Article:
April 01, 1998
Meetings & Conventions: As You Like It - April 1998 Current Issue
April 1998
As You Like It

Planners chart a course for customized meetings at sea


Joyce Landry, partner and co-founder of Miami-based Landry and Kling Corporate Cruises, found an almost-perfect cruise ship for her client, a U.S.-based technology company planning its incentive program for the year 2000. Norwegian Cruise Line's Dream had just the right amount of state rooms, suites and public space. It was in the right place (the Mediterranean Sea) at the right time (October) and for the right duration (six days).

Yet, there were drawbacks. The ship offers a different kind of experience from that which the client's international sales force is accustomed. But that hasn't deterred Landry. Determined to make the glass slipper fit, she proposed the ultimate cruise ship customization (the contract was still under negotiation at press time). From bow to stern, she plans to add all the accouterments of a luxury liner to the mid-price ship. State rooms would have 24-hour butler service and fancy amenities like robes and botanical bath products; the food-and-beverage budget would be beefed up to pay for additional chefs, gourmet food items and round-the-clock room service, and a string quartet would play at high tea. "We had to look at how we could tweak [the ship] so it met the standards [the sales force] was used to," says Landry.

Will Norwegian go for it? It's likely, according to Cindy Wolf, director of corporate and incentive sales for the Miami-based cruise line. With one transaction, the entire ship is booked and meets its budget for that itinerary. And the line doesn't have to worry about travel arrangements or cancellations that's handled by the client.

A decade ago, most cruise lines probably would have thrown Landry's far-fetched plan out to sea. But today, it seems that customization is not about what the planner can or cannot do, but how creative she wants to be.

In fact, a growing number of meeting and incentive groups are setting sail on customized cruises. Planners can fully charter a ship of any size and direct it to their ports of choice or, for smaller groups, create a tailor-made cruise within a scheduled itinerary.

Larger ships with dedicated conference space are supporting meetings at sea. Shorter itineraries also appeal to the group market. From 1980 to 1996, the number of two- to five-day cruises was up close to 400 percent, according to New York City-based Cruise Lines International Association.

"The meeting and incentive industry is a big part of our business," says Maggie Mantia, vice president of charter and incentive sales for Radisson Seven Seas Cruises, based in Fort Lauderdale, Fla. Revenue from these markets has increased 25 percent each year since the line's 1993 inception, according to Mantia. So, when it comes to accommodating special requests, she says, "We don't like to say 'no.'"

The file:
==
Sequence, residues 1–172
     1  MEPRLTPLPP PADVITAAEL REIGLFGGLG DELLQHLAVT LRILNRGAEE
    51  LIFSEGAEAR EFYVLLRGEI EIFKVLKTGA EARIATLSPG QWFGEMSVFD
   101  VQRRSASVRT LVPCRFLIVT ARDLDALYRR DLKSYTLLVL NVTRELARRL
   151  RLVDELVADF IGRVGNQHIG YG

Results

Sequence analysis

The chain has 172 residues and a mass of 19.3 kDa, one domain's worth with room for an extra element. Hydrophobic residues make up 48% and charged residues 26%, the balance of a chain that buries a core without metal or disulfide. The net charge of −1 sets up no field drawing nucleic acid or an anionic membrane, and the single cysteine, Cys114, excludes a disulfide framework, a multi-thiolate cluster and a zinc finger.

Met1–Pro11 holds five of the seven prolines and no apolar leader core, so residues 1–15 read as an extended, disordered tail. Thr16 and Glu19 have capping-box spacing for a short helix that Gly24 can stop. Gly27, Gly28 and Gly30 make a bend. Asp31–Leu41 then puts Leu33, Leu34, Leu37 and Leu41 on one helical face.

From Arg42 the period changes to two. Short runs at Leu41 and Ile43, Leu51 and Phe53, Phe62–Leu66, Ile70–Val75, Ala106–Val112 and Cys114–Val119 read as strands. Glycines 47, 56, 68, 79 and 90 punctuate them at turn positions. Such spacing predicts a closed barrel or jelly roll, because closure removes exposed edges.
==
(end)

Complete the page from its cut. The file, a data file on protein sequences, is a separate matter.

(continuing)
But before asking a cruise line to say "yes," planners need to consider several factors, such as the length of time in ports, the amount of space on board (and the availability of that space), scheduled itineraries and total passenger count. While customization is trickier when other passengers are present, it's also more important to make attendees feel special. Following are some good customization techniques.

ON SOLID GROUND Not all group events have to be on the ship. Tour operators will help scout ports for spectacular function sites. While docked in Kusadasi, Turkey, Joyce Landry, partner and co-founder of Miami-based Landry & Kling Corporate Cruises, treated an 800-person incentive group to an evening among relics.

The group was met by a trio of string musicians as they entered Ephesus, site of ruins and a temple to Artemis that date to 15 B.C. A guided tour was followed by a symphony, held in a 60,000-seat ancient amphitheater where St. Paul the Apostle is said to have spoken to the Ephesians. The group then returned to the ship for an elegant dinner.

The evening may sound extravagant, but the price tag wasn't. With no rental fee for use of the ruins, and by dining on the ship already included in the charter the only extras were for transportation and entertainment, says Landry. C.B.

Go Public
When it's time to shop around for the right cruise ship to customize, consider its layout and how to manipulate various public spaces for group functions. The latest breed of megaliners, for instance, offers a slew of intimate lounges and a choice of dining rooms. On Princess Cruises' 2,600-passenger Grand Princess, which sets sail next month in the Mediterranean, passengers will have seven restaurants and 12 bars from which to choose.

To carve out a niche on a big ship, first get a detailed layout and daily activity schedules from the cruise line to find out where certain public spaces are located and when those spaces are generally not in use. For example, it's unlikely that groups can take over the pool deck during prime tanning hours on a day a ship is at sea, but it could be a beautiful setting for a late-night cigar party. The main theater is usually in use every night, but groups can most likely make it the venue for daytime meetings. Ships generally design their discos with festive decor. Before the late-night dancers strut their stuff, get the in-house technician to turn on the party lights and make it an upbeat gathering spot for your group.

GOOD GIFTS Leave the typical turndown trinkets at home. Have a ground operator go on a shopping spree for pillow gifts handcrafted in ports of call. Spices from Grenada, batiks from the South Pacific they're more memorable, and you'll save money on shipping costs. C.B.